Agile, zippy, little spaceship by Starshipwright
I’ve just been introduced to these great works by Hilla and Bernd Becher. There’s something cool within repetition that isn’t exact actual repetition. It’s like a harmony, where each overlapping individual thing produces a richer whole and thus a distinct experience. On top of that, they can be truly intriguing, inviting fascination with the collection and collectiveness and patterns and similarities and differences and organization of them all.
(Also, check out Hiroshi Sugimoto’s Seascapes series. It is equally interesting and fascinating… especially when coupled with some great architecture and artistic placement such as at the Benesse House by Tadao Ando!)
Wow… an amazing photo of a hyper-bright meteor illuminating, well, just about everything in this photo of Lake Louise taken at night. Not twilight, but in the full dead of night. That’s just how bright this thing was. Intense and cool!
photo by Hao Qin
What do you do when an old building in a dense urban area finds itself ready for new tenants? Especially when that building is now surrounded by much taller and larger buildings, and there is a premium on developing new space? As much as I love adaptive reuse, sometimes the pressure to densify argues to do something more. An “easy” solution is to incorporate the existing building – or at least the existing façade – into the new one, often as a base for a new high-rise.
And then there’s the opportunity to do something much more radical.
The above project is, alas, only a concept piece and the land owners aren’t gong forward with it… but what a concept! Beyond just making more commercial space, this idea was to take the over-a-century-old building and turn it into a cultural and art facility, doubling its floor area by literally mirroring it. The result would have been this double-take inducing, water-like, reflection of the building hovering over the existing one.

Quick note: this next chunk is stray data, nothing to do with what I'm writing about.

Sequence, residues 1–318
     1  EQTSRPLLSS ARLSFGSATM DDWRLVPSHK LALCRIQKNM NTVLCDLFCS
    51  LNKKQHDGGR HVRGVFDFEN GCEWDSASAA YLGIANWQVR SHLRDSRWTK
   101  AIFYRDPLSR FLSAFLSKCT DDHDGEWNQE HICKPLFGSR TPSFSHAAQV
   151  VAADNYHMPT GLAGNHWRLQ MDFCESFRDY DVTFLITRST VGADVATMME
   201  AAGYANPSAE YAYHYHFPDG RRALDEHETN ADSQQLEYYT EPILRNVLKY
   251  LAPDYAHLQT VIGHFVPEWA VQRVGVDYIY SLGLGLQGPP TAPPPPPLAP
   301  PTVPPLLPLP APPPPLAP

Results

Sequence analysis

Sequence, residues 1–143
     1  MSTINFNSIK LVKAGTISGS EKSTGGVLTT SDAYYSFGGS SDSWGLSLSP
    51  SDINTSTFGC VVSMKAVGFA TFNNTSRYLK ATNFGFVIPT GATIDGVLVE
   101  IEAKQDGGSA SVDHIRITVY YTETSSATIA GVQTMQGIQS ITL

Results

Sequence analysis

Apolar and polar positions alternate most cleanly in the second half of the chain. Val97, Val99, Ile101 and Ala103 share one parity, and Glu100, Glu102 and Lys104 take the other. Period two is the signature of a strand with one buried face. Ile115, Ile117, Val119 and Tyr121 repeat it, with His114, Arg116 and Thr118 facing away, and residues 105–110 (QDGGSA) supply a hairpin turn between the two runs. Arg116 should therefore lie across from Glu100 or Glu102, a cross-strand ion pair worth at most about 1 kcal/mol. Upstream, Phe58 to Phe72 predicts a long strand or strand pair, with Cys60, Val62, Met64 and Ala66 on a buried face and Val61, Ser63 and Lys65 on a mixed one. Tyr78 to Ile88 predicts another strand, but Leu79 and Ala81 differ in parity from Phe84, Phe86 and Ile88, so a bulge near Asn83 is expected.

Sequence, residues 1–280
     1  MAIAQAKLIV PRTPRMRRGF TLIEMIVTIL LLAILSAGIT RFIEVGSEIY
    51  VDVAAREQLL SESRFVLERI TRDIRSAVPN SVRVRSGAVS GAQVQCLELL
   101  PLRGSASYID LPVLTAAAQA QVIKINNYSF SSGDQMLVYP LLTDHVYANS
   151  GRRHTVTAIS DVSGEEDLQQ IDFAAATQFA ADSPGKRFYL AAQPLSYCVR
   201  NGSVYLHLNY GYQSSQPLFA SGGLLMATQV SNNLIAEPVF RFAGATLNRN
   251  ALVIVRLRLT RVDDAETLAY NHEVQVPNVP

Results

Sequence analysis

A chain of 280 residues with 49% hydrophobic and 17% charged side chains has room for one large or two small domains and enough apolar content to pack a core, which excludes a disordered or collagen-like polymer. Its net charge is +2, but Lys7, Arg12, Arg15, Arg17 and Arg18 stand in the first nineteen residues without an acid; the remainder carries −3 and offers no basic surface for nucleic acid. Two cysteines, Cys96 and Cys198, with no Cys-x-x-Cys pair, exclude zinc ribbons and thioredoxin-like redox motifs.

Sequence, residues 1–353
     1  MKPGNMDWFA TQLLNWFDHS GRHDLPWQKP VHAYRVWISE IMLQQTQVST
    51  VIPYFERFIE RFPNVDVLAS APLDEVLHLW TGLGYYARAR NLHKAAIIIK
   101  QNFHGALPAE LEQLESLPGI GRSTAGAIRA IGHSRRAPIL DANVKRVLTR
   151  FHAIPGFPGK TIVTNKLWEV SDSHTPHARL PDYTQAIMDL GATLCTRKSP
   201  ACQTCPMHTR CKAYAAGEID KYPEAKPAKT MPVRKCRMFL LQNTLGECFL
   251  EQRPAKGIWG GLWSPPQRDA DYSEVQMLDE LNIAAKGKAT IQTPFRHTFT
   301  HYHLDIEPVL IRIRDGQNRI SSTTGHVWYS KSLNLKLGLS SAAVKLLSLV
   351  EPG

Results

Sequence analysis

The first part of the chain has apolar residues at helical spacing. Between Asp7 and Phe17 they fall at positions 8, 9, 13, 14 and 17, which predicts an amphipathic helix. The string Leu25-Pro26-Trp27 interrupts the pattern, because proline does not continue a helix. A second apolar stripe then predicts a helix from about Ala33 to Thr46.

What a mind trip!
Though, not a complete mind trip, as there would have been an additional new element added to the rear to house further facilities and, nicely, another stage facing an adjacent park. So from certain angles that would have ‘broken’ the illusion. But who cares, from so many other angles, even if you caught a glimpse of the rooftop canopy shell the illusion of the inverted building would’ve remained strong and kept all its ‘woah’ factor.
Again, alas, not to be, but one damn cool idea.
A little over two weeks ago, I was supremely privileged to get to walk on hallowed ground… and in no way could I contain my excitement!
Pad 39A at the Kennedy Space Center. Yes, I totally squeed. There is so much history from this pad: Apollo, Skylab, Shuttle, F9, FH, and now Crew Dragon. Amazing. And while the technical bits are exciting, above all I am always moved to tears witnessing and being present to the great heights we can accomplish when we work together towards a lofty goal.
After the visit came time to watch the launch from the most prime of locations, atop OSB-2!
Needless to say, it was a grand time, 100% exhilarating and wonderful. After the lifetime of never seeing a launch in person, twice now within a year. And I’m very much down for more.
Drawn by the amazing Zen Pencils
Turns out that even unicorns can be trapped by and are powerless to sudden onset catlap!
by Dana Simpson